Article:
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House Speaker's list highlights politics in merit selection

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The Judicial Update

April 19, 2011

Illinois: In an article in Sunday's Chicago Tribune, the newspaper described the side of merit selection in Cook County that doesn't make it into textbooks. Highlighted were the letters and recommendations from a number of politicians to the circuit judges of the Cook Judicial Circuit Court, who appoint their circuit's associate judges. The most coveted recommendation, apparently, comes from Speaker of the Illinois House of Representatives, Michael Madigan. In the last eight years, the Speaker has annually sent what is now referred to as "Madigan's list" to the Circuit Court judges in Cook County.[1] [2]

Spotlighted in the article are a number of individuals that have or have not made the list when applying for associate judge positions in the county. One of the most telling exchanges comes from a lawyer who never made the list. When visiting judges after applying to the vacancies, they would ask, "Are you on Madigan's list?" When the applicant said no, the reply was, "Oh, you should be on the list."[2]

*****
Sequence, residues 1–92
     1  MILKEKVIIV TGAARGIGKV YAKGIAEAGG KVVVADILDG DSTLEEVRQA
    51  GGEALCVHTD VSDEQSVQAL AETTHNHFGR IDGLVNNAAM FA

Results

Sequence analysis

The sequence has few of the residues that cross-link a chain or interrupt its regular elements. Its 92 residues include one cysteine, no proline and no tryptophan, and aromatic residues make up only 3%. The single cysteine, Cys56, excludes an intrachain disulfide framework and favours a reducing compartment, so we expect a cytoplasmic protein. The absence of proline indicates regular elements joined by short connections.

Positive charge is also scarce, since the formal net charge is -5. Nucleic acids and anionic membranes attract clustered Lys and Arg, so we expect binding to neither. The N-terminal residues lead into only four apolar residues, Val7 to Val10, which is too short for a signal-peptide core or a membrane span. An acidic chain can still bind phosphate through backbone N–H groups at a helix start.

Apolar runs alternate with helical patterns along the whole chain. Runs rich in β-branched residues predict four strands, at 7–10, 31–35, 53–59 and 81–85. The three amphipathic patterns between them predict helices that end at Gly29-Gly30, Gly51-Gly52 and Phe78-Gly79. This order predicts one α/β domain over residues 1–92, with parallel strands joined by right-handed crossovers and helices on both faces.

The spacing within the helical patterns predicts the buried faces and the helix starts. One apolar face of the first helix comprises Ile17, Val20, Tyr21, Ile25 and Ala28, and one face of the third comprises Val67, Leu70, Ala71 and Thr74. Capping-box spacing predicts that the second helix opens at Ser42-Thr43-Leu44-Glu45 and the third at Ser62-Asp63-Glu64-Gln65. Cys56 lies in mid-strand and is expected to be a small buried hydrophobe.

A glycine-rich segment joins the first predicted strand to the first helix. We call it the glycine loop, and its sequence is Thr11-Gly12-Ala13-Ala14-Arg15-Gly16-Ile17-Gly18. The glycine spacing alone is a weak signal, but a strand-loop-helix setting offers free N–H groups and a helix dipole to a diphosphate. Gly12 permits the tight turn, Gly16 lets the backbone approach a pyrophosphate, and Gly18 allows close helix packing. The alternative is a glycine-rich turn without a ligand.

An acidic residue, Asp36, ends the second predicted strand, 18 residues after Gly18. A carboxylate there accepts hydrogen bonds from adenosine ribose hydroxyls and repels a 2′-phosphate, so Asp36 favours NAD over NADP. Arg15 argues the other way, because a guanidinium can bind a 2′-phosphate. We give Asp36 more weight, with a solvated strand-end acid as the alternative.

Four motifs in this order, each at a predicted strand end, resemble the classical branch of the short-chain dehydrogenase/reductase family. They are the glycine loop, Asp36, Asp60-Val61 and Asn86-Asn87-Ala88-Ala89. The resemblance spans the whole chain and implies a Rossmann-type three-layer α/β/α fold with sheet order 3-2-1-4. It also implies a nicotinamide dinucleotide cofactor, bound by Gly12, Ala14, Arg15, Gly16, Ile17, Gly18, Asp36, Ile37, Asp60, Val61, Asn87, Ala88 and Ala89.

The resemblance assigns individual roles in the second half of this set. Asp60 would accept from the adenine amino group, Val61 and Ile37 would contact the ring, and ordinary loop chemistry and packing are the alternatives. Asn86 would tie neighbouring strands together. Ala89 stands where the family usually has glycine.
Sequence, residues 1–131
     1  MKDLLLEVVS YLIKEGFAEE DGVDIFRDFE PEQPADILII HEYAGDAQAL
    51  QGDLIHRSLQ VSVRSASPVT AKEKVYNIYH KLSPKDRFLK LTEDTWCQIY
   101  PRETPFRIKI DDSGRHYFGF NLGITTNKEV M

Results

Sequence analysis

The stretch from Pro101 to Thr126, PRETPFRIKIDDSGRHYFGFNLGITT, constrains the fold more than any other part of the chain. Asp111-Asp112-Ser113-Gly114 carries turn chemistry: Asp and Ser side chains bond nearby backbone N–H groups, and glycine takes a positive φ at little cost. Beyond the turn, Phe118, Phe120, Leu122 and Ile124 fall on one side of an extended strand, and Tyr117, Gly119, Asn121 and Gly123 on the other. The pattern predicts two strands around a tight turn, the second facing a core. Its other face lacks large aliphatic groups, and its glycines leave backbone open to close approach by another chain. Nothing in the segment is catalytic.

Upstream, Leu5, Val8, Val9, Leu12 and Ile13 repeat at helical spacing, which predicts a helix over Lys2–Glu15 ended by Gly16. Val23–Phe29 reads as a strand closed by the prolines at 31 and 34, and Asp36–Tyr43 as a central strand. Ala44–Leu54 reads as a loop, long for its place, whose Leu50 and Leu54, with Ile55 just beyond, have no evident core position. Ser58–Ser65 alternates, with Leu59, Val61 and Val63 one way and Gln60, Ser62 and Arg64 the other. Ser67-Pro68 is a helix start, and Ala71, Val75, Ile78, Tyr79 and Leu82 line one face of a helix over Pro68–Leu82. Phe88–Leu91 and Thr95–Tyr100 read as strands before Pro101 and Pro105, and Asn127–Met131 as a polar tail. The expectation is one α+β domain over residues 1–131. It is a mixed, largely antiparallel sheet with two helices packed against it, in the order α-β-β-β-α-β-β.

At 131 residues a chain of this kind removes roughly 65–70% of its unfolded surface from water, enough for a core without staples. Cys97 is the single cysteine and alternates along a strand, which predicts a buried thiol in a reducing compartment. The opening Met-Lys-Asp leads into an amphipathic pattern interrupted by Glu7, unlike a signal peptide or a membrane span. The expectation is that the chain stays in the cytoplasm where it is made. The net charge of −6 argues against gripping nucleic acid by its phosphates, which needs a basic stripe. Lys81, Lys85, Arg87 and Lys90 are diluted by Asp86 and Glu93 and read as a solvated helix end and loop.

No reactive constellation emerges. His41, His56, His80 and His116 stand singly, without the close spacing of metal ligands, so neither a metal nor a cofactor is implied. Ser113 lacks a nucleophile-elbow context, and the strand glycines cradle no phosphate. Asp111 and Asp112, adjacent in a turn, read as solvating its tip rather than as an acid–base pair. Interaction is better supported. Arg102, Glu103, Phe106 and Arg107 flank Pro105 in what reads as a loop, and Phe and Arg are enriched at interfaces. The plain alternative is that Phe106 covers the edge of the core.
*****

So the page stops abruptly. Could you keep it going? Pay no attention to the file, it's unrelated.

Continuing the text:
Though Madigan's suggestions are important, they are not paramount. Out of 37 lawyers recommended in eight years, only 25 were chosen for the court. In that same period of time, 82 total vacancies were filled. In a response to the story, Madigan said, "...I believe I am an experienced evaluator of those who seek to serve in the judiciary" and that the recommendations are free from political influence.[2]

At a time when the method of merit selection is being lauded and attacked in different states, situations like these provide an interesting glimpse into potential ramifications of a such a system.